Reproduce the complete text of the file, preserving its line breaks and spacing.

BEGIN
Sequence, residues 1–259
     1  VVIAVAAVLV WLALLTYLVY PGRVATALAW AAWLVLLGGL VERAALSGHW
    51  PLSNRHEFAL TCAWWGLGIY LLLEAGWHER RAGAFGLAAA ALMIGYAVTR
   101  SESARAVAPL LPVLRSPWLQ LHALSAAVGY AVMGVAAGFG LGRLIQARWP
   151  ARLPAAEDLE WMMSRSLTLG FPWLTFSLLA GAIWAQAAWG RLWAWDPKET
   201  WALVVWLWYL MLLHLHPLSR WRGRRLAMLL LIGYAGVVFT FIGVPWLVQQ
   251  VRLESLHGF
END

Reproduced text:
Sequence, residues 1–259
     1  VVIAVAAVLV WLALLTYLVY PGRVATALAW AAWLVLLGGL VERAALSGHW
    51  PLSNRHEFAL TCAWWGLGIY LLLEAGWHER RAGAFGLAAA ALMIGYAVTR
   101  SESARAVAPL LPVLRSPWLQ LHALSAAVGY AVMGVAAGFG LGRLIQARWP
   151  ARLPAAEDLE WMMSRSLTLG FPWLTFSLLA GAIWAQAAWG RLWAWDPKET
   201  WALVVWLWYL MLLHLHPLSR WRGRRLAMLL LIGYAGVVFT FIGVPWLVQQ
   251  VRLESLHGF